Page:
Time is strange. To me, 1993 doesn’t feel like it was that long ago. The films I’m watching for this series are often clearly from an era that has passed, but they don’t feel old to me. Until today. In many ways, Dave is the quaintest film I’ve seen for this project, the one most redolent of a bygone era, specifically because of how precisely certain details of it mirror what is happening in the world as I type this.
The contrivance of the story is simple enough; after the President of the United States (Kevin Kline) has a stroke while spending time with his mistress, the chief of staff (Frank Langella) doesn’t want to hand the job over to a vice president (Ben Kingsley) he sees as too liberal. Instead he installs Dave Kovic (also Kline), a lookalike who was doubling for the President while he was occupied. He plans to have the vice president mired in scandal, at which point Dave can nominate his replacement, before ‘having another stroke’. The plan goes awry when Dave turns out to not just be a nicer guy, but potentially a better president than the man he is subbing for.
Hollywood seems to have the sense that you can be a good politician just by being a decent guy (and, at least until recently, it was almost always a guy). Look at Jimmy Stewart – the quintessential decent everyman – in Mr Smith Goes To Washington, or Aaron Sorkin’s Presidents, Michael Douglas in The American President and Martin Sheen in The West Wing. They all have gravitas, but they are all united by the fact that their characters seem to be defined by an innate decency. Dave is another example of the decent everyman as a better leader than the practiced politician.
President Bill Mitchell is an asshole. The first time we see him he’s demanding the passage of a bill that, among other things, will withdraw $650 million funding for homeless shelters, a pet project of his wife, Ellen (Sigourney Weaver), who hates him, but keeps up appearances in public. The next thing he does is go off to have sex with his mistress (a young Laura Linney). Dave Kovic, on the other hand, is an aw shucks nice guy. He runs a temp agency and the first thing we see him do is talk his accountant friend (Charles Grodin) into hiring yet another secretary he doesn’t really need, just so she’ll be able to make ends meet. Dave brings the same approach to the presidency (try to overlook the fact that the fact he does what the transparently corrupt chief of staff asks of him in the first place somewhat undermines his otherwise morally upstanding character), muddling through with humour and kindness that prompts cameoing political commentators to suggest the President has had a personality transplant.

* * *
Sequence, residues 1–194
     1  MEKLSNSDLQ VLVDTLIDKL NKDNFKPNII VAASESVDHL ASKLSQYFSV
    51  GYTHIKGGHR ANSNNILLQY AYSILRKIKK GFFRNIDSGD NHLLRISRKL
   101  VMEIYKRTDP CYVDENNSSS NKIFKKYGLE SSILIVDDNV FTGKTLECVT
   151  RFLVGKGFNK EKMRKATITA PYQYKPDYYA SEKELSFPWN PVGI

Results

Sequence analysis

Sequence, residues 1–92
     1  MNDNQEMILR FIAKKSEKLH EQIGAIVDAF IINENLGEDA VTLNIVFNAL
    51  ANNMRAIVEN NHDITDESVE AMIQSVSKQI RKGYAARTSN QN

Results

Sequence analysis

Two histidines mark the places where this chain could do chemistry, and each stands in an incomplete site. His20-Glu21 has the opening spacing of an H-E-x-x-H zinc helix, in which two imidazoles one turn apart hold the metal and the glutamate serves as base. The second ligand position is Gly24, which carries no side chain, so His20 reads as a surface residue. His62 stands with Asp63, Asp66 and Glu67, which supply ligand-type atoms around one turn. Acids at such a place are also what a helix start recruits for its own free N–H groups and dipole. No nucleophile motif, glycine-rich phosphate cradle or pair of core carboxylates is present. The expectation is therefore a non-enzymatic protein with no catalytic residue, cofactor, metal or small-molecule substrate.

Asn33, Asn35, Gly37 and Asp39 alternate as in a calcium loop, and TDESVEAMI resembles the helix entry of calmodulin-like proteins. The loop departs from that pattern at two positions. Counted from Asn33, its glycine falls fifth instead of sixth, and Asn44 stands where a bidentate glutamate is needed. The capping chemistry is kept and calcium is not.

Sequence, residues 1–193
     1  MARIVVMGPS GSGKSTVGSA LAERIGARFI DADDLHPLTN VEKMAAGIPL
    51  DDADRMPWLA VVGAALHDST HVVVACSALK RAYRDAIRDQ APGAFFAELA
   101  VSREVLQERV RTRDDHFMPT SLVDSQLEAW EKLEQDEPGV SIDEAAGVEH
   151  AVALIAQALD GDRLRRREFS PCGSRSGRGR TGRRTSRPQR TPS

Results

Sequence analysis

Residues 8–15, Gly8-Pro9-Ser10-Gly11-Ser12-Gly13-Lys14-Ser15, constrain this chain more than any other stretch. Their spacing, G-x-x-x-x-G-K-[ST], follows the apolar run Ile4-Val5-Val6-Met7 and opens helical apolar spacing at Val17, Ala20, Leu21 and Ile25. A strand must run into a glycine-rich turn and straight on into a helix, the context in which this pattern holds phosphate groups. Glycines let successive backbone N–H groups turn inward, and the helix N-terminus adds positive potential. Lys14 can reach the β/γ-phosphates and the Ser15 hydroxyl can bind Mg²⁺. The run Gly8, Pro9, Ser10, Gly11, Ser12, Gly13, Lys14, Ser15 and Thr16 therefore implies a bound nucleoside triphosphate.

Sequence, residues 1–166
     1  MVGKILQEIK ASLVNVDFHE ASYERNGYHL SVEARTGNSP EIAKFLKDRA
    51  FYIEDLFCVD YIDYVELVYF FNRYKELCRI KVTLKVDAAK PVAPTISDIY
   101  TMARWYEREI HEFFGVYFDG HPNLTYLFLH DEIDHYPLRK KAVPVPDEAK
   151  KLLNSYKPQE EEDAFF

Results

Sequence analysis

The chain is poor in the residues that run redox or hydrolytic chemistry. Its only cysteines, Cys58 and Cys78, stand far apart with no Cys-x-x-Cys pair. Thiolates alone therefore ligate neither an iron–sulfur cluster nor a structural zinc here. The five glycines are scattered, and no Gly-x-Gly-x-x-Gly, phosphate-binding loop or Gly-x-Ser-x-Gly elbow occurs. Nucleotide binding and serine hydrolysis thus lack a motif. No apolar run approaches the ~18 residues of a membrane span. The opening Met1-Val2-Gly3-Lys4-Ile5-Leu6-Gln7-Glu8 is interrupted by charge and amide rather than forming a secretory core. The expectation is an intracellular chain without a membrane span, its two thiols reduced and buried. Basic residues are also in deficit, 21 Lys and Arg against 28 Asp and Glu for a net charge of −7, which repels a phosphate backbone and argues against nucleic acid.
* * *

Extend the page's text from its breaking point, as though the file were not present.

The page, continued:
Kevin Kline can be brilliantly effective as a complete bastard (look at Otto in A Fish Called Wanda), but he’s perfectly cast as Dave. Kline plays the role as a nice, funny, guy driven by compassion and common sense. There are scenes that capture the more folksy side that people like leaders to be able to tap into (a factory visit where he uses a new machine to make a visual gag) and moments that show the sort of unforced empathy that you would hope powers any politician (the visit to a homeless shelter, where he waves the cameras away to talk to a little boy sitting alone). This side of the character also plays well as President Mitchell’s wife begins to warm to Dave. It’s sometimes forgotten, I think, that Sigourney Weaver has real comedic chops and they’re on effective display in a scene when Dave and Ellen leave the White House under cover and get pulled over by a cop.
For its first half the film engages only lightly with policy, but when Dave finds out about the cutting of the homeless shelters we get some of the film’s best moments, with Charles Grodin’s Murray helping Dave find $650 million cuts in the budget and Dave laying them out at a cabinet meeting. It’s a light approach to serious issues, but that’s what director Ivan Reitman is going for here. He moves the plot and characters along with a deft touch, while folding in some commentary that has shapeshifted somewhat over the past 25 years. It’s unlikely that the makers of Dave saw Bill Clinton coming as they were writing and making the film, but still, Dave has a similar appeal and ability to talk to the ‘average joe’ at their level.
What’s more interesting now is the corruption story towards the end of the film, which mirrors many of the things happening in the Trump administration right now. Dave is a fascinating watch in the era of Trump. In many ways it makes similar points to those made by people who are ‘sick of experts’. While it has faith that there are decent people in politics, Dave’s is clearly the political voice it identifies with – the non-political voice, the one that isn’t looking at demographic numbers to make policy. Trump’s election could be said to come from a hell dimension version of this idea, he sold himself as the non-politician who would shake things up, who would “drain the swamp” (spoilers: he lied). Dave, viewed 25 years on, depicts the anti Trump. It’s a film from a simpler time and in that way it was a genuinely lovely watch. Pretending for a couple of hours that politics could be more like this was quite soothing.